27 September, 2008

Here's a newsflash..

Attention Barack Obama, Eric Massa, Rick Dollinger and countless other Democrat candidates for various offices across the nation..

George W. Bush is not running for office in November.

You'd never know it by watching campaign commercials though.

I'm not here to tell these socialists how to run their campaign, but here's some free advice, you don't win by running against something, you win by running for something.

Didn't you learn that from Al Gore and John Kerry?

Maybe it's just me, but you aren't going to get my vote simply by telling me what the other guys said. That doesn't prove that you are better qualified for the position. Just because the other guy isn't right for the job, doesn't mean that you are.

Tell me why you are the better choice, not why the other guy is not the right choice.

17 September, 2008

Rochester, We're close to cool things!

If you are in the Rochester, NY area, you may have heard a series of ads that are designed to show that Rochester is a pretty cool place to live.

I heard one in particular the other day that piqued my interest. In a nutshell, a guy on a plane is trying to convince the guy next to him that Rochester isn't such a bad place to live.

Before I go any further, let me say, Rochester isn't such a bad place to live. Are there shortcomings? sure, you'd be hard pressed to find a city that didn't have shortcomings. The key is to find a place whose shortcomings are outweighed by the positives.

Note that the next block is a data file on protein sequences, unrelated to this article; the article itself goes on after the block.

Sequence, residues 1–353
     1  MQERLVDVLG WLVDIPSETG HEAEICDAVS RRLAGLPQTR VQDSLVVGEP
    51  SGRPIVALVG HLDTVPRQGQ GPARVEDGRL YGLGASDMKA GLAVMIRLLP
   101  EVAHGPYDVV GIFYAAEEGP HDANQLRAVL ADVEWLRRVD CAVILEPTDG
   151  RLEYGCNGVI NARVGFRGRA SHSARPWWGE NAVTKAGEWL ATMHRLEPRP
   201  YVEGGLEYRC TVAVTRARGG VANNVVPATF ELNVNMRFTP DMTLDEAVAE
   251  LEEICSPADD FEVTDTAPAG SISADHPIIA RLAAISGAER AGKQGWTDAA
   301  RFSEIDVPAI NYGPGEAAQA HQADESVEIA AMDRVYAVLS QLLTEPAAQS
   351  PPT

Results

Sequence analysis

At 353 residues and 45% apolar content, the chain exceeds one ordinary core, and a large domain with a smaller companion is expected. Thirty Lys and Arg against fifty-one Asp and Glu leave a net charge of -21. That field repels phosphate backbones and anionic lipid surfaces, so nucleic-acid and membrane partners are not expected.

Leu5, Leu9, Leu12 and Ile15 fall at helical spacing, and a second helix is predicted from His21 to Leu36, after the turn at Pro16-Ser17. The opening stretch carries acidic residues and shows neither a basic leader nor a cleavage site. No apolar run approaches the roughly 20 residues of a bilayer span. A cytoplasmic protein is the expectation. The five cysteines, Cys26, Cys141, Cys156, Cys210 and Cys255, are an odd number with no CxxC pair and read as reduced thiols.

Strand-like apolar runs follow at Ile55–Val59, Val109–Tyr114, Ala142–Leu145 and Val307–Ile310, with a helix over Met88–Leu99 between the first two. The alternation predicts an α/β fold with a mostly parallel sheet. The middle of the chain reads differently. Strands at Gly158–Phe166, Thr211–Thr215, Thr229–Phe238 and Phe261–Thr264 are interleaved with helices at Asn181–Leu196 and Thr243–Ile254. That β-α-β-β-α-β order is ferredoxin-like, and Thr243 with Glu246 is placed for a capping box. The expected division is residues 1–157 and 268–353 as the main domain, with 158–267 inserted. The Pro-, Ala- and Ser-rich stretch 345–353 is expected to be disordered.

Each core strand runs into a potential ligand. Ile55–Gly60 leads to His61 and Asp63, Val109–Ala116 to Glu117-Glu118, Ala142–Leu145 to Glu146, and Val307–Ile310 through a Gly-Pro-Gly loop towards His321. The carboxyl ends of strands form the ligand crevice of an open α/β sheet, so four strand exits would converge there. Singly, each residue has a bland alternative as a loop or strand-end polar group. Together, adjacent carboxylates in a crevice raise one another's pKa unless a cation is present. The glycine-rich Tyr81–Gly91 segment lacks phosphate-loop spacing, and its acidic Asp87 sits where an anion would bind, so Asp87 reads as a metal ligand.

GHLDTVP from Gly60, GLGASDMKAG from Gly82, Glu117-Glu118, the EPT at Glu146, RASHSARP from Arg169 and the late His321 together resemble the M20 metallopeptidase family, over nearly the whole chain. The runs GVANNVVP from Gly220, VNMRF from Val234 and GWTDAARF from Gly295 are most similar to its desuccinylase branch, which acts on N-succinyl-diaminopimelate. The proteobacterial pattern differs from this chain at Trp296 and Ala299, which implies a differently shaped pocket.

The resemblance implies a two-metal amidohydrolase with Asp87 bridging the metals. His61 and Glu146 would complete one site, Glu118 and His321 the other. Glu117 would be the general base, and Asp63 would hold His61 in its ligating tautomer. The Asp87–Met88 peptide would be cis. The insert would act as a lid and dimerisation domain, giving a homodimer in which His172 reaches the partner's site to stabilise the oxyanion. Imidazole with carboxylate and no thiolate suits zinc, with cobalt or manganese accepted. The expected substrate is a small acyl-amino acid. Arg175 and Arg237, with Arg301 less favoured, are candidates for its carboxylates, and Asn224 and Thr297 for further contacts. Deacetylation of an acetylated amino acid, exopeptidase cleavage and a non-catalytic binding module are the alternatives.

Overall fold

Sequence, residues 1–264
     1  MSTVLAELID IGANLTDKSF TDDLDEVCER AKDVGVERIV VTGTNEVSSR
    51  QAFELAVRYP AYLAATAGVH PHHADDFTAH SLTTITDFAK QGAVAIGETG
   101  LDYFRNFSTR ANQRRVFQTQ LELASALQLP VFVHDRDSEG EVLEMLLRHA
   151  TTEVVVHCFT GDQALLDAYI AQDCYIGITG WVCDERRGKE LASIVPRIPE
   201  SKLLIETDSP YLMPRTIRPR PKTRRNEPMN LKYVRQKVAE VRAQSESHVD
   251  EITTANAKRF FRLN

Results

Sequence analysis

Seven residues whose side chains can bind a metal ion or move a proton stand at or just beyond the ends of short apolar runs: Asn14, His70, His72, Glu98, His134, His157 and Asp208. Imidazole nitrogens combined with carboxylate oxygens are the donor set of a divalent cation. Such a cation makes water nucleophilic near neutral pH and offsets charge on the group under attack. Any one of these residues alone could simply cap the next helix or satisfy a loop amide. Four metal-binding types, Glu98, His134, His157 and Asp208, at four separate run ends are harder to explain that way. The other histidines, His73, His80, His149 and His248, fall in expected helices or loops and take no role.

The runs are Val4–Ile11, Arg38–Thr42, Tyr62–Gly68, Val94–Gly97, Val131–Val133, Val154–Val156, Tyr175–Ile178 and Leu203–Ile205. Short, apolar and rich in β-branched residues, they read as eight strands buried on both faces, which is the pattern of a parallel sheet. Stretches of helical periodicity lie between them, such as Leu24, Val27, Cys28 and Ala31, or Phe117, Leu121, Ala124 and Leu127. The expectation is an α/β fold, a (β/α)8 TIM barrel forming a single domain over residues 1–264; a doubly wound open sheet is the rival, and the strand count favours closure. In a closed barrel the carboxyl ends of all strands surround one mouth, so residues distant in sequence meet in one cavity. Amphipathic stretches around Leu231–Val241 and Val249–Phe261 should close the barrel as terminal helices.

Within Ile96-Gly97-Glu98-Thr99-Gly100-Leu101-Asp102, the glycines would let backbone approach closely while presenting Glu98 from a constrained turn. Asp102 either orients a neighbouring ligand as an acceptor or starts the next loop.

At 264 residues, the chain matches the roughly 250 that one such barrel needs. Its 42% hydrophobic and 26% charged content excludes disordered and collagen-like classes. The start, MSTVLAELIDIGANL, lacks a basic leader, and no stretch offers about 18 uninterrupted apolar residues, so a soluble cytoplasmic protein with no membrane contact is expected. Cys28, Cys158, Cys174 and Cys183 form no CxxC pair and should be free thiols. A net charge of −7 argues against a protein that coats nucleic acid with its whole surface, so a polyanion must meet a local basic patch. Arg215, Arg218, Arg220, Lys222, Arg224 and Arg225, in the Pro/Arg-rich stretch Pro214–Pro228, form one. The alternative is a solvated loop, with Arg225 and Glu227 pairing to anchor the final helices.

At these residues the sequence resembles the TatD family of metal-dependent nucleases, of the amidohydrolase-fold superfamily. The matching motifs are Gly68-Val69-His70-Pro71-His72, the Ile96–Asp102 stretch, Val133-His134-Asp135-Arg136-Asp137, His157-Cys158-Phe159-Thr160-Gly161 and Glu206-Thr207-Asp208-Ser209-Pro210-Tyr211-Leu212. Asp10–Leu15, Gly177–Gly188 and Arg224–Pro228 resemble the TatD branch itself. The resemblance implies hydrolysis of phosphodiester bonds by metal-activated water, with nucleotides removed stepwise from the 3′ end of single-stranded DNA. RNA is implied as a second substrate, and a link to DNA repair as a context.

Any way.. back to the ad..

The guy lists 6 things that are cool about living in Rochester. The problem is, only one of the 6 things is in Rochester (Strong Museum, I'm assuming he is referring to the Strong Museum of Play). Another one could be considered the 'Rochester area' (Letchworth Park). The others are more than an hour away (Riche Stadium, The Carrier Dome, both 75 minutes, Toronto is a 3 hr drive, and NY is an hour flight).

Nothing against the other venues, but if you are trying to say what's good about Rochester, how about keeping it to Rochester, or at least Monroe County. If you want to stretch it, include the 6 county 'Rochester Area'.

Things like:
- Charlotte (walk the pier, ride the carousel, have a picnic, etc...)
- A burger at Bill Grays or Tom Whals
- Catch a game from one of the teams that have one a championship in the last couple of years (Knighthawks, Rattlers, Razorsharks, Raiders)? Granted, only 2 of the leagues are at the top of that sport, but a championship is a championship
- Walk a canal trail in any number of communities along the Canal